As hard as it might be to believe, a silent film melodrama once used a silly plot twist that would later become crucial to Laurel & Hardy's Sons of the Desert (1933). In Louis Feuillade's Tragic Error (1913), a husband goes to the movies one afternoon and sees his wife on screen in the arms of another man.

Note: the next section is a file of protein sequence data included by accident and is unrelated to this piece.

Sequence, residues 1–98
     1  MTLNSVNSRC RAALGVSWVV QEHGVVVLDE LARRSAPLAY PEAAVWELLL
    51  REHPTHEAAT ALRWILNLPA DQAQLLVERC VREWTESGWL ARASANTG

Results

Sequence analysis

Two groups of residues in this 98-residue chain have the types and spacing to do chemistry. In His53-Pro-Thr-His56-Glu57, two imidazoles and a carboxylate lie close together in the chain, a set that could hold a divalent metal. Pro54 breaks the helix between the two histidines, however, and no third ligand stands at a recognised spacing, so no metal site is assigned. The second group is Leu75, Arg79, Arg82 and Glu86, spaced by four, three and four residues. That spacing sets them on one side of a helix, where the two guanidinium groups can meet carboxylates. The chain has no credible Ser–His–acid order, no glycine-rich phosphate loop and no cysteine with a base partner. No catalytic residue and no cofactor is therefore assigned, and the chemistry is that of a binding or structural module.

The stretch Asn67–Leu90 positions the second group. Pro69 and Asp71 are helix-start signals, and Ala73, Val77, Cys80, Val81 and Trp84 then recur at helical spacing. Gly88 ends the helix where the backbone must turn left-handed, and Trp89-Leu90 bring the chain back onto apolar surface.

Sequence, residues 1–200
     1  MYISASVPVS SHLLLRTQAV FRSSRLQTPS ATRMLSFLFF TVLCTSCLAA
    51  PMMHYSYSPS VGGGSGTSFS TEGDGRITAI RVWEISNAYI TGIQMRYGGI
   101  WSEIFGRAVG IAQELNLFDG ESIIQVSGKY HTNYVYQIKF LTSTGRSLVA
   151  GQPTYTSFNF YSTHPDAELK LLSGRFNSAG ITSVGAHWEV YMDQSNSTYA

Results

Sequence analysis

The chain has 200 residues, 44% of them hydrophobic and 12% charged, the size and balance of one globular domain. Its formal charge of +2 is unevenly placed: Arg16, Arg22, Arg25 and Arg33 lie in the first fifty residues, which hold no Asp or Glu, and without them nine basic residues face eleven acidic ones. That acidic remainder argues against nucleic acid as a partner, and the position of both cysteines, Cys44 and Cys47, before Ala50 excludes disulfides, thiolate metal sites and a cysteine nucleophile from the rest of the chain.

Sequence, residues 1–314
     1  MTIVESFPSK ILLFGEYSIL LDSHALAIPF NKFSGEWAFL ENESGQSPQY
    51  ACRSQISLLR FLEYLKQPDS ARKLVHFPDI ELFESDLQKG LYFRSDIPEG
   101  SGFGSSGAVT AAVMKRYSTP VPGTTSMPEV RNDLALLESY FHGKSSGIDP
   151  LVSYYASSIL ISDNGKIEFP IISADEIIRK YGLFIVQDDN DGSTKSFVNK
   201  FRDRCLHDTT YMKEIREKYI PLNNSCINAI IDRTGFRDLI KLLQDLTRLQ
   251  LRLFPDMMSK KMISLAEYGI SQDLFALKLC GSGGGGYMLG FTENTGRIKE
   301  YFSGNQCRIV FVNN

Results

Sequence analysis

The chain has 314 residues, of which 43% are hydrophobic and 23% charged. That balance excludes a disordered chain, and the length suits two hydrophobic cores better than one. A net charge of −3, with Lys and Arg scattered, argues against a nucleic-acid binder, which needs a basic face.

By this time, the plot had already been used in a Biograph comedy. Certainly, the idea of an untrue spouse being exposed in footage exhibited at the local theatre is good for a laugh. It is hard to believe that a filmmaker as reputable as Feuillade thought that theatergoers would take this type of plot seriously. It is no surprise, then, that the plot would be returned to the comedy makers, who would make use of it extensively for the next several decades.